The bit-reversed permutation is an important task for implementing an in-place FFT library. This paper explores several bit reversal methods on the x86 architecture, including new bit twiddling tricks and a proposed template-recursive, cache-oblivious method, which achieves state-of-the-art performance.

The paper draft can be found here. The repository (linked in the paper) includes translations in the mother tongue of each student who participated (Chinese, German, Turkish, and Spanish) to help students throughout the world participate in the joy of scientific computing. So when someone says, ``Bit reversal? How?'' you can say, ``很好!''


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A FASTER, SIMPLER MULTIDIMENSIONAL ARRAY LIBRARY IN C++11

Florian Heyl, who is doing his masters Praktikum in the group, has just had his first paper accepted for publication. The paper (Heyl & Serang 2017, PROGRAMMING) introduces and benchmarks the ``template-recursive iteration over tensors'' (TRIOT) design pattern in C++11. The method enables easy vectorizing over tensors of different shaps and does not require tensor dimensions to be fixed at compile time.

Download the free header-only library here.


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MORE ACCURATE NUMERIC P-CONVOLUTION

The lab's second paper on the topic (Pfeuffer & Serang 2016, Journal of Machine Learning Research) builds upon the original idea, looking at the curve of (modeled using orthogonal polynomials) of a constant number of $$L_p$$ spaces. The way that these spaces bend toward the true maximum can allow us to estimate the maximum better than any particular numerically stable p-norm.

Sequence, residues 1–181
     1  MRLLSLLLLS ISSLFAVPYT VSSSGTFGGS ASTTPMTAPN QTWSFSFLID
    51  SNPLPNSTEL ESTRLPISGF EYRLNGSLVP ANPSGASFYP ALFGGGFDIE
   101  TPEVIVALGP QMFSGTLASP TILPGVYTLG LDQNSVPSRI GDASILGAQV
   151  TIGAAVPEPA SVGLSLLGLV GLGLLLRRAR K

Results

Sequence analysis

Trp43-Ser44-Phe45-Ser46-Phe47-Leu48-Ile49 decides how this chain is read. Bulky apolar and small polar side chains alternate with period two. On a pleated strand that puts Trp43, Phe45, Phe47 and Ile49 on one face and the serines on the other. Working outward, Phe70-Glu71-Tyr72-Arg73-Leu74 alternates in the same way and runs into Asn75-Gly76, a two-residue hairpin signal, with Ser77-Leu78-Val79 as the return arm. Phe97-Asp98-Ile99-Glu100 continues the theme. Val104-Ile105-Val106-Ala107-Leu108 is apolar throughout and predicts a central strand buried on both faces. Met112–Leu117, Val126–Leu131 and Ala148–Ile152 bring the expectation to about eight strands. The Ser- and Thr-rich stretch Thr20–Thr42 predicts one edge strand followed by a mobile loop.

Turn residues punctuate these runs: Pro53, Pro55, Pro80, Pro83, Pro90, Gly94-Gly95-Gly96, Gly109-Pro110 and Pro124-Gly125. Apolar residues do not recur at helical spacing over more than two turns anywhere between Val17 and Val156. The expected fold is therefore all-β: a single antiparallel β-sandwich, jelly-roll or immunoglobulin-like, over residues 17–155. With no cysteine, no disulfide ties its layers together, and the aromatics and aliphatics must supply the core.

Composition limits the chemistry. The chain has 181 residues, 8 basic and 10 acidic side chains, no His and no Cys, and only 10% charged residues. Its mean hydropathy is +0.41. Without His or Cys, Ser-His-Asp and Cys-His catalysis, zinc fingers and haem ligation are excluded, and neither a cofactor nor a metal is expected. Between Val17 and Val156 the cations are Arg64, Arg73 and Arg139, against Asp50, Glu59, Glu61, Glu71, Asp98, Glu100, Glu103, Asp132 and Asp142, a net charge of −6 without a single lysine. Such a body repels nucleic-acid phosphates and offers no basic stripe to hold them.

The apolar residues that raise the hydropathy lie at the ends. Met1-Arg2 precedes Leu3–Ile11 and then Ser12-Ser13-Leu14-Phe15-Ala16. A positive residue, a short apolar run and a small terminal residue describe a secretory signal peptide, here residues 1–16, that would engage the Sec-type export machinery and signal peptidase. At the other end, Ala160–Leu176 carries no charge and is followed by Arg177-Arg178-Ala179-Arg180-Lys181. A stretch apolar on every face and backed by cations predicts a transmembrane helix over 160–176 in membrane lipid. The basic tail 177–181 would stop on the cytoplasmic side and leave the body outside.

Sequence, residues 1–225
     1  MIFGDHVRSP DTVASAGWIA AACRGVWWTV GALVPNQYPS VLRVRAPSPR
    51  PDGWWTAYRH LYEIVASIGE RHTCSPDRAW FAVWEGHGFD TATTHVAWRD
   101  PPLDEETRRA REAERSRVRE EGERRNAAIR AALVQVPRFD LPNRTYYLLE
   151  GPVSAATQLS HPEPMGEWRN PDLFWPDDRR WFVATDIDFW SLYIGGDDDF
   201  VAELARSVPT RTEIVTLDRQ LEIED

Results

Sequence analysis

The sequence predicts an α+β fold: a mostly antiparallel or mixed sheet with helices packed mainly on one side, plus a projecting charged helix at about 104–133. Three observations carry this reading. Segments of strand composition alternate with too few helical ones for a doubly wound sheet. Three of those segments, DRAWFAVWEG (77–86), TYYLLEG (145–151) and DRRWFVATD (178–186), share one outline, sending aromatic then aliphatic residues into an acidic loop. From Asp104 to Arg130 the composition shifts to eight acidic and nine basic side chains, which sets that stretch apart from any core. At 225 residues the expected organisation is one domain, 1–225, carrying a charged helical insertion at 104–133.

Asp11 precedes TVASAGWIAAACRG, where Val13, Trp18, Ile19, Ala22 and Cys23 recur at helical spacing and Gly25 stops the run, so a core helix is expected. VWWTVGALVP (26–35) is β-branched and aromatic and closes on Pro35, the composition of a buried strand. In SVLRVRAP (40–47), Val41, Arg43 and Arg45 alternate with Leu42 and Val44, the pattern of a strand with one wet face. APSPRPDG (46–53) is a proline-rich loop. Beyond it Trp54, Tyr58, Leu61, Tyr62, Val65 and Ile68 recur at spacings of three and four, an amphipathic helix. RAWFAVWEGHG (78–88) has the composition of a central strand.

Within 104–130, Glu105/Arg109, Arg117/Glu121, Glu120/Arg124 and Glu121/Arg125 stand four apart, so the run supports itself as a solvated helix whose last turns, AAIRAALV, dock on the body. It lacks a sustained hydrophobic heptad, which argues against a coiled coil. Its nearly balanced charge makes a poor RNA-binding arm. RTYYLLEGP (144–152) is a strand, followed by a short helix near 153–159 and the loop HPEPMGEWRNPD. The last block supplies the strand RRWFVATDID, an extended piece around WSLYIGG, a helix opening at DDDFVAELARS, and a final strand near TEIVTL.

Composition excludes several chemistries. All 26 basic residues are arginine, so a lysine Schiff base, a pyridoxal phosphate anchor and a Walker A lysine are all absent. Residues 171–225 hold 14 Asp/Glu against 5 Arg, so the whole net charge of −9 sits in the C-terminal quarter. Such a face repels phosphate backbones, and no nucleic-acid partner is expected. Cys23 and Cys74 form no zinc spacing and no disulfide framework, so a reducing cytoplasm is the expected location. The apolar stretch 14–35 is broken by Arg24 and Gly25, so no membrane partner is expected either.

The paper highlights the approach with faster prediction of U.S. unemployment given S&P 500 index data (via a fast Viterbi path computation).


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THE INVENTION OF FAST NUMERIC MAX-CONVOLUTION

Max-convolution, a cousin of standard convolution but on the semiring $$( \times, \max )$$ (consider multiplying two polynomials but taking the maximum coefficient for every term rather than the sum of coefficients for that term), arises frequently in combinatorics and in Bayesian inference. In 2006, Bremner et al. discovered the first solution $$\in o(n^2);$$ theirs is a beautiful method, but it's only slightly sub-quadratic and relies on a reduction to APSP, and it is not fast enough for large-scale use in Bayesian networks. However, this problem can be approximated numerically by using $$L_p$$ space, where FFT can be used in $$\in O(n \log(n))$$ (Serang 2015, Journal of Computational Biology). The method can also be used to improve hidden Markov models (HMMs) with with k states from $$O(k^2 n)$$ to $$O(k \log(k)~ n),$$ whenever the transition matrix is a Toeplitz matrix.

Combined with the probabilistic convolution tree, the method can be used for max-product inverence when $$Y = X_1 + X_2 + \cdots + X_n.$$ This can be used to solve a generalization of the knapsack problem on integer-discretized supports.


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A FASTER DYNAMIC PROGRAMMING ALGORITHM

The probabilistic convolution tree (Serang 2014, PLOS ONE) is a new dynamic programming algorithm that solves a class of probabilistic problems, which are equivalent to a generalization of subset-sum on integer-discretized supports. When $$Y = X_1 + X_2 + \cdots + X_n$$ and each $$X_i \in \{0, 1, \ldots k-1\}$$ it computes all marginals simultaneously with a runtime $$\in O(n k \log(n k) \log(n)).$$